It’s been almost 10 years since Microsoft launched a beta to test out its Family Safety services, and as such, the company has decided that its time for something of an overhaul. Family Safety will be known as Microsoft Family from here on out, and it’s being outfitted with a host of new functionality to mark the occasion.
The focus of Microsoft Family is keeping younger users safe, and providing an age-appropriate experience for any member of the family who might be using Microsoft products. Common examples of its usage include setting up content blocks for Internet browsing or limiting a child’s computer time to a specific amount over the course of one day.
Some of this functionality has been tweaked to make it a little simpler to use, according to a report from SuperSite for Windows. For instance, app and video game restrictions are now automatically implemented in relation to the age that’s on file for any given user. Website restrictions have also been simplified, with an easy way of blocking all adult content added alongside the ability to block specific sites and pages.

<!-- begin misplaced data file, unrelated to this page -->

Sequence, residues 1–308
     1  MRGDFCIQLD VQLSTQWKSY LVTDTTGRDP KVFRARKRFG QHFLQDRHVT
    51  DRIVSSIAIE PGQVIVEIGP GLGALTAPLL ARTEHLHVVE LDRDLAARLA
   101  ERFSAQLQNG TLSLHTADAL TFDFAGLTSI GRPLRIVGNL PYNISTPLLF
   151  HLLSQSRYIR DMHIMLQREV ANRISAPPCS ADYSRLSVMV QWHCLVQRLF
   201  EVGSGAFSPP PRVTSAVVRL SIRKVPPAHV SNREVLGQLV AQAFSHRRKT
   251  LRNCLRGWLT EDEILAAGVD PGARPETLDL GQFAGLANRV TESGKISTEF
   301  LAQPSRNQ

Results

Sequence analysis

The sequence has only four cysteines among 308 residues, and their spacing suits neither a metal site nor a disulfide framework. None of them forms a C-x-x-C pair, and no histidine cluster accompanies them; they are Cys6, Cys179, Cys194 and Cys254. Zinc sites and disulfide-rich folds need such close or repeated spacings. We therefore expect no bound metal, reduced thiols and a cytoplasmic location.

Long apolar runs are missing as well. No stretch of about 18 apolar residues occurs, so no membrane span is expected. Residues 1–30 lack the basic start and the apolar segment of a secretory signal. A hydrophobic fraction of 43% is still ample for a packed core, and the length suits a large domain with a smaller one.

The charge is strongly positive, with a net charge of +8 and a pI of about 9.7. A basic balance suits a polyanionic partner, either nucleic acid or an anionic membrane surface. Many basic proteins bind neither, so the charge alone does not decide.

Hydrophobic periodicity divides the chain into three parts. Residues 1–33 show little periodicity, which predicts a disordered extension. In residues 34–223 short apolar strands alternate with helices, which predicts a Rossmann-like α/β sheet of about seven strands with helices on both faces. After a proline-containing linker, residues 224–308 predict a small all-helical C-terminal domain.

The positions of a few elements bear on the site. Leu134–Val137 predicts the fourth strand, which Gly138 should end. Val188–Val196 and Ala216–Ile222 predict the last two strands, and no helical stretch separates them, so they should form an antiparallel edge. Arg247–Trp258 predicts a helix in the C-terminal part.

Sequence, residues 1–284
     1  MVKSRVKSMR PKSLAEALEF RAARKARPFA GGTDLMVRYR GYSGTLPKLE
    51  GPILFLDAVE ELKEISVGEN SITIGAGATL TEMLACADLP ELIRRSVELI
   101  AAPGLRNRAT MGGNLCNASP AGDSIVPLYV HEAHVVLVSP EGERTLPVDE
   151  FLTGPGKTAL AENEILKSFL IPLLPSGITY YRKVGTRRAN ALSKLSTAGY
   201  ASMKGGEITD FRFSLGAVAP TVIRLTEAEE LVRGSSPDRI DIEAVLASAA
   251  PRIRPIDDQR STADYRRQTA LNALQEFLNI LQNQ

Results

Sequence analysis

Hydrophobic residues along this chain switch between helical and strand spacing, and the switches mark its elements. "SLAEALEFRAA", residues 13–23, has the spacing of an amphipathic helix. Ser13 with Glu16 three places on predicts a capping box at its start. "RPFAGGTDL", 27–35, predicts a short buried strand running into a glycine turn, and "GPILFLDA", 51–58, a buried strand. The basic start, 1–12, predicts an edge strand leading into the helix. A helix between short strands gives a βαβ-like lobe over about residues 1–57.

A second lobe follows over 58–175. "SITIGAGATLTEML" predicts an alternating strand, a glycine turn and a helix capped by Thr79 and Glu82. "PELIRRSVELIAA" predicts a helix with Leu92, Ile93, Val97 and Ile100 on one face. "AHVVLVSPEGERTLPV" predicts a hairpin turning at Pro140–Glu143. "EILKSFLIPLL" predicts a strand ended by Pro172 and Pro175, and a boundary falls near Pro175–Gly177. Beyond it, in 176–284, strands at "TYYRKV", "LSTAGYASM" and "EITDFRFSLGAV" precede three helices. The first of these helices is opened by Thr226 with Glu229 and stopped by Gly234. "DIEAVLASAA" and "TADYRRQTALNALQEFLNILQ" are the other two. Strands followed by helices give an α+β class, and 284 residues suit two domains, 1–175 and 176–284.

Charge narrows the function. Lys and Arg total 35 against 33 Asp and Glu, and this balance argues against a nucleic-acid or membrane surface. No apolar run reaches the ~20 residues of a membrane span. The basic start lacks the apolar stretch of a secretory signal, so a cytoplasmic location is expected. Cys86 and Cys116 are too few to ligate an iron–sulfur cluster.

In-keeping with the general strategy being used in the run-up to Windows 10, Microsoft Family services are being folded into your Microsoft account rather than remaining as a separate entity. Windows 10 requires the use of a Microsoft account, so children will take their Family settings with them no matter what device they happen to be using at the time.
Microsoft Family might not be as exciting as the company’s Xbox division or its experiments with HoloLens, but it’s a service that’s only going to become more important as children start using technology at younger ages. Microsoft has an important role to play in educating younger users on how to stay safe on computers and the Internet, and a robust set of features to help parents monitor usage is an important first step.